In 2001, Indi was won by Sophie Panopoulos (now Mirabella). Mirabella served on the backbench for the entirety of the Howard government, becoming a parliamentary secretary in 2007 and a shadow minister in 2008.

At the 2013 election, Mirabella was defeated by independent candidate Cathy McGowan, who won a very tight contest by 439 votes. McGowan was re-elected with an enlarged margin in 2016.

McGowan retired in 2019 and was succeeded by fellow independent Helen Haines, elected with McGowan’s support.

Candidates

  • Nadia David (Labor)
  • Helen Haines (Independent)
  • Assessment
    Independent MPs will often grow their margin after their first term in the job, but it can be harder for independent MPs who have succeeded another independent. The Liberal Party wouldn’t require much of a swing to win here, so it’s worth watching.

    2019 result

    CandidatePartyVotes%Swing
    Steve Martin Liberal 35,42635.1+7.3
    Helen HainesIndependent32,66432.4-1.1
    Eric Kerr Labor 12,20212.1+2.0
    Mark Byatt Nationals 9,5389.4-8.3
    Helen Robinson Greens 4,2554.2+0.3
    Shane WheatlandUnited Australia Party3,9803.9+3.9
    Jason Peter WhalleyDerryn Hinch’s Justice2,8912.9+2.9
    Informal4,6014.4-2.2

    2019 two-candidate-preferred result

    CandidatePartyVotes%Swing
    Helen HainesIndependent51,88651.4-4.1
    Steve Martin Liberal 49,07048.6+4.1

    2019 two-party-preferred result

    CandidatePartyVotes%Swing
    Steve Martin Liberal 63,33262.7+7.7
    Eric Kerr Labor 37,62437.3-7.7

    Booth breakdown

    Booths have been divided into five areas. Polling places in Wodonga and Indigo council areas have been grouped along council boundaries. The remainder were split into East, South-West and West.

    Independent candidate Helen Haines won a majority of the two-candidate-preferred vote (vs the Liberal Party) in three areas, ranging from 52% in Wodonga to 57.4% in Indigo. The Liberal candidate narrowly won in the west (50.1%) and the south-west (50.3%). Haines also won 51.4% in the pre-poll.

    Voter groupALP prim %IND 2CP %Total votes% of votes
    West11.049.910,11810.0
    South-West18.949.78,1808.1
    Wodonga14.052.07,8167.7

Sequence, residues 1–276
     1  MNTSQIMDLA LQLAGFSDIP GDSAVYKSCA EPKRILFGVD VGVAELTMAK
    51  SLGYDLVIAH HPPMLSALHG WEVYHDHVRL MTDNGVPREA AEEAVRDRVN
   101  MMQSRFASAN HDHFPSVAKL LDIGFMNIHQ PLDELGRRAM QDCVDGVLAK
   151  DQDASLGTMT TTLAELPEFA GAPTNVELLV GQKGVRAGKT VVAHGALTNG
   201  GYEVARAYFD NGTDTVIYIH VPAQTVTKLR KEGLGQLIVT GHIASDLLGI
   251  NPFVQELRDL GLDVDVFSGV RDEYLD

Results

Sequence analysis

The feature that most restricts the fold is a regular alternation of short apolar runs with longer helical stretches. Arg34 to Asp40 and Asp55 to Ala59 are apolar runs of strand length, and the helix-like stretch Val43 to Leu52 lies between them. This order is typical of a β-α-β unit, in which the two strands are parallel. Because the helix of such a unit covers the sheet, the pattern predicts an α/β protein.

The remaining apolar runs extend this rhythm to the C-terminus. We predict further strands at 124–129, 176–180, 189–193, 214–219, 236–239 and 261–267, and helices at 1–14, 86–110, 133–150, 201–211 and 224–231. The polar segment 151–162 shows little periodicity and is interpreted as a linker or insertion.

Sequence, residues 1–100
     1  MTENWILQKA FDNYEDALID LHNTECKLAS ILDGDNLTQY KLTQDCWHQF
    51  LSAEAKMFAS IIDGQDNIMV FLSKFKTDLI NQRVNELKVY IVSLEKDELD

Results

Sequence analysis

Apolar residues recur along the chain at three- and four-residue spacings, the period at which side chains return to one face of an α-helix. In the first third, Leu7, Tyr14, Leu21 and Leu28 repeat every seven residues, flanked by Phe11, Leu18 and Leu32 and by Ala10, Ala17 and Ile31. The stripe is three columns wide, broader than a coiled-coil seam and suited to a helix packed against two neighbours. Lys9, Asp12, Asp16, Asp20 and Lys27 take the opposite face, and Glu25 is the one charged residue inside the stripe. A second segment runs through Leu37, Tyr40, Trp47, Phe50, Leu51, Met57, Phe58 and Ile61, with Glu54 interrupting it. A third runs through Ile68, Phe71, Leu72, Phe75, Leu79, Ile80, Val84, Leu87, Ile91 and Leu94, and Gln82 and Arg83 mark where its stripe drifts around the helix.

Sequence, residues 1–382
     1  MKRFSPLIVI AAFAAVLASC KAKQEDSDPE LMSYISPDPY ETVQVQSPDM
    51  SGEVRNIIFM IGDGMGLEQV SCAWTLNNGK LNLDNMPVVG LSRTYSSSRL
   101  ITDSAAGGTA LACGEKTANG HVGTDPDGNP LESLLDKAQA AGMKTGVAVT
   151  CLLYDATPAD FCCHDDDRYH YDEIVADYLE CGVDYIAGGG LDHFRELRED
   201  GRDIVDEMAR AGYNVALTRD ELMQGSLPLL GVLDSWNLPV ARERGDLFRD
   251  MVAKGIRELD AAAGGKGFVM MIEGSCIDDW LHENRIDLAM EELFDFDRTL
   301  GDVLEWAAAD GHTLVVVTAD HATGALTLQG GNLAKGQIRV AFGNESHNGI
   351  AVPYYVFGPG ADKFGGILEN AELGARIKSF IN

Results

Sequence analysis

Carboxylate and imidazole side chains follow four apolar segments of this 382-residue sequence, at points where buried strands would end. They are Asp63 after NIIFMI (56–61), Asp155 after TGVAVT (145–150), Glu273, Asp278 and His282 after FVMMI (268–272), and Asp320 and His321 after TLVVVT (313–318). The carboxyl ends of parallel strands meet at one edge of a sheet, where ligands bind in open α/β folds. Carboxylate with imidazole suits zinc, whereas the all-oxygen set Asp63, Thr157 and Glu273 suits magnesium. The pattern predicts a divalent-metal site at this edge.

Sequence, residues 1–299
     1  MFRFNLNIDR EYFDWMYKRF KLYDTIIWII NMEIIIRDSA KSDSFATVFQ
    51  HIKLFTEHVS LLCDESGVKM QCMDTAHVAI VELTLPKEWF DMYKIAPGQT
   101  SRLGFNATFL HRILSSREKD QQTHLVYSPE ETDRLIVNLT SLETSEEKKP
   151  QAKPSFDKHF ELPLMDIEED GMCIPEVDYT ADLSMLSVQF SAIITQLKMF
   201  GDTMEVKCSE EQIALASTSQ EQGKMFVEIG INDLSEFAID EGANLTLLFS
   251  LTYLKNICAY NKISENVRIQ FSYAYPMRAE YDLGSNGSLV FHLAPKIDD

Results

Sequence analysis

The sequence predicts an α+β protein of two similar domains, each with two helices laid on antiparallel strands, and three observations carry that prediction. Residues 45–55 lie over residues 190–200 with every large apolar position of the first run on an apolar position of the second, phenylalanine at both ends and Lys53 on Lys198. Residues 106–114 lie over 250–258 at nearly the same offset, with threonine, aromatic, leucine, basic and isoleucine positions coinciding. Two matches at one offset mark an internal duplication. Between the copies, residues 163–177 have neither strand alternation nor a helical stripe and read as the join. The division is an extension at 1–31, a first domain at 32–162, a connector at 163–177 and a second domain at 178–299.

Indigo9.657.46,5306.5
    East9.352.36,4356.4
    Pre-poll11.351.450,93750.5
    Other votes13.749.710,94010.8

    Election results in Indi at the 2019 federal election
    Toggle between two-candidate-preferred votes (Independent vs Liberal), two-party-preferred votes and primary votes for the Liberal Party, independent candidate Helen Haines, Labor and the Nationals.

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    3 COMMENTS

    1. Helen Haines will hold on, the liberal party had there chance in 2019 but missed out on it & the liberal party are not very popular so that will hurt there chances here.

    2. The big increase in independents standing in coalition seats you would think this seat would be a forgone conclusion. But in The Saturday Paper it was reported the Liberals have indicated their polling well here. They haven’t named a candidate yet though, and chances still are that Helen Haines will hold on. But this seat may not be a forgone conclusion.

    3. PN
      The big issue here is how hated Andrews is. He is blamed for the lockdowns. There were NO cases in most of this electorate. MY contacts in Myrtleford Wodonga etc say the resentment is universal.
      Haines is no McGowan, she doesn’t have the record, or presence. No one seems to have met her, or even know who she is.
      However her biggest problem is the fading memory of Sophie Mirabella. The thing that could save Haines, is the rumour of Greg Mirabella running for the SENATE OR EVEN HERE !!!. Surely the Liberals couldn’t be that stupid !!??. Could they !?? YEP It really might happen …..!